Alice in process…

Instead of the question “Who is Alice?” there are now paths leading to what Alice might come to be…

3 Aug 2010

Alice by Trevor Brown


During the last century, the psychoanalysis, the modern art and the two world wars defied the ideal of purity of the child. The subversion of the vision of innocence by revealing the latent sexuality, the invitation to worlds dark, surreal and psychedelic lead Alices challenging and disturbing. The transformations in the universe of art with surrealism and counter-culture were recreating the experiences of girl going through controversial and disturbing paths.  Alices seek other adventures and engage in the anguish and anxiety of a child who loses his innocence on the misadventures of the Society of his time. Alice grows, matures and lives strange experiences.


Each decade, through its different visions and styles, created  its own Alices: art nouveau, art deco, surrealist, pop, psychedelic, futuristic, Gothic, naïve, ethnic, dark, steampunk, fetishistic, masochistic, pop surrealist. Alice is, by turns, a sweet and ingenuous girl, a questioning feminist, a perverted child, a mad and bloody assassin, a drugged adult, a seeker of worlds beyond conscious thought, a delirious psychedelicist, or an armor-clad and shielded warrior, always multiple and mutating.







Trevor Brown is a polemic and influential english artist  living in Japan. Innocence, violence, Japanese popular culture and "medical art" all collide in Brown's art. The Alices created by the artist attack the fringes of  Alice's innocence in a dreamland of cuteness, darkness and perversion.  His figures do not follow the white rabbit, but take the crossroads of Alice as starting points for uncanny adventures in underground and sinister landscapes. His depiction of Alice World includes pedophilia, sadomasochism and fetichism. It deals with the complexity of japanese culture in a chocking encounter between cuteness and perversion.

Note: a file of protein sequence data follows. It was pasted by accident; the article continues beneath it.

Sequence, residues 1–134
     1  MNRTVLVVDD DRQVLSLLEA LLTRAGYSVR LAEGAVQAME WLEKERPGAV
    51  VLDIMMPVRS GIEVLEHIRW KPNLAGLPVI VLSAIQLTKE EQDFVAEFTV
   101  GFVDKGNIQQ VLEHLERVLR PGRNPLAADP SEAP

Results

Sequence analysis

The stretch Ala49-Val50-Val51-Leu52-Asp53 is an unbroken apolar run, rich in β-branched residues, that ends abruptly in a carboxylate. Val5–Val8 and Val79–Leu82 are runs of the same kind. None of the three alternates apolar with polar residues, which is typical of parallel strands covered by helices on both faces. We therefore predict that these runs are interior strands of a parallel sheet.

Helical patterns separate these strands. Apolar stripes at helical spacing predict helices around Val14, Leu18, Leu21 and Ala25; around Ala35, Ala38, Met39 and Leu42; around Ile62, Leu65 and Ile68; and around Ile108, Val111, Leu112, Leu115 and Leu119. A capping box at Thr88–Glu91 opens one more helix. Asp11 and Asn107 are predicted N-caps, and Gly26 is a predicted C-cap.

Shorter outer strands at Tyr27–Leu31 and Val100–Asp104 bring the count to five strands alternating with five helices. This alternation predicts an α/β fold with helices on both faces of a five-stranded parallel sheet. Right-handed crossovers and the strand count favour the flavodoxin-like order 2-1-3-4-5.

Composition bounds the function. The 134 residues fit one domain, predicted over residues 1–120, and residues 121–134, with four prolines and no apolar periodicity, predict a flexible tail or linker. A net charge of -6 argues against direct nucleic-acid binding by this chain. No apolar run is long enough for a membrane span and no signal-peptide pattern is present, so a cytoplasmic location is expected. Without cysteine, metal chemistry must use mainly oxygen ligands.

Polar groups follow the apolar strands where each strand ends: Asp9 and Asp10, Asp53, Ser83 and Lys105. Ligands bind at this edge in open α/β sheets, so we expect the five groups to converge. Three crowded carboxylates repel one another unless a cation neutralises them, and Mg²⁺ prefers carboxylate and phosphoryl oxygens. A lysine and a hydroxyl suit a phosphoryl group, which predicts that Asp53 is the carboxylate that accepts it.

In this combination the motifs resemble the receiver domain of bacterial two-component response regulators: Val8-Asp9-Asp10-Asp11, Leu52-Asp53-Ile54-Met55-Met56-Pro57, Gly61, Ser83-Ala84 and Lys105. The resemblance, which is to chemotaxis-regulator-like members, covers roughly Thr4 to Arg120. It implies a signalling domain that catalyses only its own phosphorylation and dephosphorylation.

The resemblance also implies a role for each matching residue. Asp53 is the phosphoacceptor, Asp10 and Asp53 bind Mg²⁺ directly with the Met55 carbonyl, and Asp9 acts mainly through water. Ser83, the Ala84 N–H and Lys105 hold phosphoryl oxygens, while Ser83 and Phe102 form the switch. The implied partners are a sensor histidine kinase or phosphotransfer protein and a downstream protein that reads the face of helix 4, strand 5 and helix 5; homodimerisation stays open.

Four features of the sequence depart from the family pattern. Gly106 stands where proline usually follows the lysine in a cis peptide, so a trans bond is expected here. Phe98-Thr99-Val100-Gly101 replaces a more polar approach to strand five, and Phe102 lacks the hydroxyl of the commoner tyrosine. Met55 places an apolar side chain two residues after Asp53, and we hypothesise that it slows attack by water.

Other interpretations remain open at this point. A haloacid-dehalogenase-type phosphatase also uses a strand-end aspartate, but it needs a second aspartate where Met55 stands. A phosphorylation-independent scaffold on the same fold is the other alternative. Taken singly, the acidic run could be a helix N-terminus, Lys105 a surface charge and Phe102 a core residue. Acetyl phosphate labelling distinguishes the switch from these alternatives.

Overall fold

Few Alices are so disturbing as the Alices of Trevor Brown. Facing  the outrageous nature of his work,  Trevor Brown has  received several attacks and severe  critics.  Many people see his paintings and illustrations as a degrading portrayal of children, women, and of human dignity in general. 

 “If you drink much from a bottle marked ‘poison,’ 
it is almost certain to disagree with you, sooner or later.”   
Alice 


"Paintings of little girls; dolls by Trevor Brown depict a wide range of moods. Innocence, hurt, playtime; violence mix with kawaii; medical fetish themes. Disturbing, beautiful,  stirring all at once his works produce a unique response from each viewer."
AkaTako.net



TB15

Trevor Brown | Caterpillar King






TB14
Alice Kawaii | Trevor Brown


TB7

Trevor Brown | Efflorescence



Trevor Brown


 Trevor Brown


"13 – abnormality – abuse – aesthetic terrorism – airi and meiri – akatako – akira (manga) – alfred e newman – alice in wonderland – alice club – amano katan – amanita muscaria – anarchism – anatomy – andres serrano – andy warhol – animation – anti-art – antoine bernhart – antonio ghura – apocalypso a go go – art – atheism – autonomy – avantgarde – ayu makihara – babyart – bandage – barry burman – beauty – bedtime – bee kanno – belles of st trinians – beth love – black – blanquet – bondage – bruce bickford – bruises – bruno richard – bunnies – candy – car crash – censorship – chaos – child pxrn – chimuo nureki – cicciolina – claymation – coil – collecting – comix – conjoined twins – controversy – (...)" see the whole list 




EVOLUTION ON OF A DREAM-CHILD 
Images of Alice and Changing Conceptions of Childhood
Victoria Sears Goldman

"During the last decades of the twentieth century, childhood entered a state of "crisis,"' a rupture characterized by an increase in attitudes and behaviors previously associated with adulthood, and a decrease in the qualities that made the Romantic child so appealing for so many years. Childhood as we thought we knew it was, in effect, disappearing. Most often this trend involved a rejection or denial of childhood innocence. This "end of innocence"- was marked by hyper sexualization of the media, clothing, and consequendy, of children themselves as they gained increased access to the "world of adult information." Children now possessed previously imobtainable knowledge. They became "knowing children" with "bodies and passions of their own," bodies and passions formerly the exclusive property of adults. Thus, toward the end of the twentieth century, children escaped or were patendy and perhaps irrevocably "expelled from the garden of childhood," a garden they had inhabited for nearly two centuries."

Published at

Knight Letter
Summer 20o8
Number 80
Volume II Issue 10
p.6


1 comment:

  1. Cool. I like the one where she gets fucked by the worm.

    ReplyDelete